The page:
A student at prestigious Stuyvesant High School spiked his football teammates’ Gatorade with copper sulfate that he stole from a school chemistry lab, and other teammates kept quiet about the prank, New York Magazine is reporting.
Copper sulfate is commonly used in chemistry classes to demonstrate exothermic reactions, but it is also used as a fungicide and herbicide.
After drinking the spiked Gatorade, two members of the junior varsity Peglegs became ill, with one vomiting blood. Both students were back in school the next day, according to Department of Education spokeswoman Margie Feinberg. New York Magazine reports that the student who poisoned the Gatorade was arrested on a misdemeanor reckless endangerment charge and also suspended for two weeks.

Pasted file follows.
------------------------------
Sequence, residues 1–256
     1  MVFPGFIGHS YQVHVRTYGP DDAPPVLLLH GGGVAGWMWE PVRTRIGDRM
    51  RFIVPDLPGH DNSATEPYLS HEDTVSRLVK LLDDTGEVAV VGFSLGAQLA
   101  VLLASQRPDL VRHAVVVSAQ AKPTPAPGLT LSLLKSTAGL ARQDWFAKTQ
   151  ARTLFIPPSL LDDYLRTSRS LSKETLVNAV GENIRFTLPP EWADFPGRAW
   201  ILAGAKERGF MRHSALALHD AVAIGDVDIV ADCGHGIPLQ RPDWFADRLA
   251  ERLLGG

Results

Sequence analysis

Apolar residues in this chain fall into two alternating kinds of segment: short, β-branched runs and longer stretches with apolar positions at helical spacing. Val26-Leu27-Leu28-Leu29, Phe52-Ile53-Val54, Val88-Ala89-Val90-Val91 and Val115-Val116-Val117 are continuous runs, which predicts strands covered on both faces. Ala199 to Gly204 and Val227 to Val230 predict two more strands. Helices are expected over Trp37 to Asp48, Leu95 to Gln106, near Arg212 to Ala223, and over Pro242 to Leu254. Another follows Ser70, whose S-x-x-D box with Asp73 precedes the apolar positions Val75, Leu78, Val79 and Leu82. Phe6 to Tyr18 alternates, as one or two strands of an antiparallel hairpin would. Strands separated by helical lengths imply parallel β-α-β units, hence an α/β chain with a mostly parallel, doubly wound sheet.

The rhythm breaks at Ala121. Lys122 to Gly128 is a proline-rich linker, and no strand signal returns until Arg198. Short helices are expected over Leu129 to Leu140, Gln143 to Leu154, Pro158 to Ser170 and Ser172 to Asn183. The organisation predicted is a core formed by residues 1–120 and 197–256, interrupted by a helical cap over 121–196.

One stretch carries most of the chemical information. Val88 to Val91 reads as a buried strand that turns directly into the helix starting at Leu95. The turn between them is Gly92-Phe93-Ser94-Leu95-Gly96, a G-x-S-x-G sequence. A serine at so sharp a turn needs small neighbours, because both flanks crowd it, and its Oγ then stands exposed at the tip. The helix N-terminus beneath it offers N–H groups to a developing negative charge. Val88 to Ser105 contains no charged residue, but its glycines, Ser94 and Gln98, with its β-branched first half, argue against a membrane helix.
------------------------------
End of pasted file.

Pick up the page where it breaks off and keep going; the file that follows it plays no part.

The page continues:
The Stuyvesant story is reminiscent of a prank pulled by graduating seniors at the Brooklyn School for Collaborative Studies last June — except those students had laced the baked treats they gave teachers and school personnel with laxatives, not toxins. Those students were suspended, barred from graduation, and charged with assault. Earlier this fall, an 8th grader at a citywide gifted school in East Harlem spiked a teacher’s drink with calcium hydroxide; he was charged with reckless endangerment.
Are kids these days more poison-happy than they used to be? Feinberg says no. “We have a million kids in this system,” she said. “When they do something wrong, they’ll be disciplined.”